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A method of eliminating contestants in a Reality Game Show which does not involve subjective voting by other contestants, judges or the viewers. Contestants are eliminated simply by their showing in an objective contest, with the last-place finisher eliminated.
In sports, this type of contest is called "last man standing". A few informal "shootout" golf events use some variation of this.
Sometimes a round is announced as a surprise "non-elimination," in which the losing contestant remains in play, but is given a new handicap. Often that handicap results in their elimination at the next opportunity-- but sometimes, they overcome the handicap and return to a competitive position in the pack. And that's the kind of drama that reality show producers just love.
Contrast Voted Off the Island, where you are eliminated by your fellow contestants in a vote.
- The Amazing Race, the Trope Namer, eliminates the pair of racers who finish last on each leg of the race.
- The Mole gives contestants a test of their knowledge about the Mole. The contestant with the lowest score (or lowest score and slowest time, in case of a tie) is eliminated.
- This trope actually predates competitive reality shows, having been in use on Adam Wade's version of Musical Chairs, if not earlier.
- Estate of Panic has a double-elimination each round; the last person left in the room being searched, that round, is trapped there, while the player among those who escaped who found the least amount of money is sent home.
- The Biggest Loser has a variation; the two contestants who lose the least weight are voted on by the others to decide who goes home (with least weight lost as a tiebreaker).
- And the occasional red line thrown in, which is an auto-elimination instead of a vote. This is usually coupled with a yellow line like above.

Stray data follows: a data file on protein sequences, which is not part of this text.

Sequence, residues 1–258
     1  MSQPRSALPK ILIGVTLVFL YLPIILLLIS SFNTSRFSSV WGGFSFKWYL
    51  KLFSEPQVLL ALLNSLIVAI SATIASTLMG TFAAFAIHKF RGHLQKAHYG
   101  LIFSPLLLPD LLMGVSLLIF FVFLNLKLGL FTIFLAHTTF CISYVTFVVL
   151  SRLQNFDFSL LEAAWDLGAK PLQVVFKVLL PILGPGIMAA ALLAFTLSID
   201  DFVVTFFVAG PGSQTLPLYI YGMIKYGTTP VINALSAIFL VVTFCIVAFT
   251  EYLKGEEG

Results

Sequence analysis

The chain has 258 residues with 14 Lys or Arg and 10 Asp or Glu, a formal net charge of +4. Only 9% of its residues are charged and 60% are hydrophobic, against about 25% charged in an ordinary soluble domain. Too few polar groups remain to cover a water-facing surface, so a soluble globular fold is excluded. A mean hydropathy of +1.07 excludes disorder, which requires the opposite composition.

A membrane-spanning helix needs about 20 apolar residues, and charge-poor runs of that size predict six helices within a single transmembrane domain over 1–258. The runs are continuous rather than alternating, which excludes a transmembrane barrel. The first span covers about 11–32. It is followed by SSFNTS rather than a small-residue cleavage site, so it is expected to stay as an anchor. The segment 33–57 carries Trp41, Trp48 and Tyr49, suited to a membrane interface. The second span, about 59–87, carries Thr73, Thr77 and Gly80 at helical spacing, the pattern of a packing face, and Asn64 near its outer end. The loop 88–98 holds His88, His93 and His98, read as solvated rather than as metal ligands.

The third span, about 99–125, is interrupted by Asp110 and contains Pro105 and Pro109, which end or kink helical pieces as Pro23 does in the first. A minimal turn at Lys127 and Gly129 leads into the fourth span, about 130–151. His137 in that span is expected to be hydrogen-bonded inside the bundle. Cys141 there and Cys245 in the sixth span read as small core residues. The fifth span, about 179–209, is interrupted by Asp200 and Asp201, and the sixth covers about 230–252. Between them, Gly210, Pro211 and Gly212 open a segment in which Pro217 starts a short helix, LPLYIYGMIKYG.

- The latest season is a team competition, wherein the team that lost less weight is forced to vote one of their teammates home (with the team member who lost the most weight safe from elimination).
- Solitary plays this a different way. Elimination challenges (or "Treatments") push the contestants to physical, mental, and emotional extremes. When the contestants have had enough, they quit. The first player to quit is sent home, the rest get to stay.
- The second season of American Ninja Warrior uses a variation; the losing team nominates two people, who are pitted against each other in a rope climb contest, with the loser being the one to go home.
- On Golf Channel's The Big Break, there are no votes. Each show ends with an elimination challenge, where the golfer who finishes last is eliminated. A golfer won an exemption from an elimination challenge by winning the skills challenge.
- Fear Factor had this as part of its structure. In the initial six person set up, the men competed against each other in the first stunt and likewise with the women with one of each being eliminated. On the second day all four would be against each other sometimes with one being eliminated that day and others would have all four advancing to the final stunt.
- The later seasons with pairs had a variation. The worst pair would initially be eliminated the first day with the remaining three surviving the second day (usually with another prize up for grabs for the best team) and going onto the final stunt. This then changed to something where the team that did the best on the first stunt got to eliminate a pair of their choosing, and they almost always pick the second best team.
- In the earlier rounds, Top Shot uses a variation similar to that of American Ninja Warrior above. The losing team nominates two people, who are pitted against each other in an "elimination challenge" loosely related to the main challenge; the loser of the elimination challenge goes home. Played far straighter once the teams merge; the lowest performer in a challenge is the one to be eliminated (in one case, the bottom two).
- On the short lived late 70s revival of Jeopardy!, the contestant with the lowest amount of money at the end of the first game was eliminated and only the other two went on to the "Double Jeopardy" round.
- Win Ben Stein's Money eliminates the lowest-scoring contestant after the first round and puts their "winnings" back into Ben's pool for the next round.
Live Action TV
- On ESPN's sports-talk show Around the Horn, host Tony Reali awards points to the four sportswriters on the panel (or subtracts them, if he finds their replies lacking). As the show progresses, the lowest-scoring panelist at each of several cuts is "muted" for the rest of the show, eventually leaving the last panelist standing 30 seconds to pontificate on any topic (s)he wishes.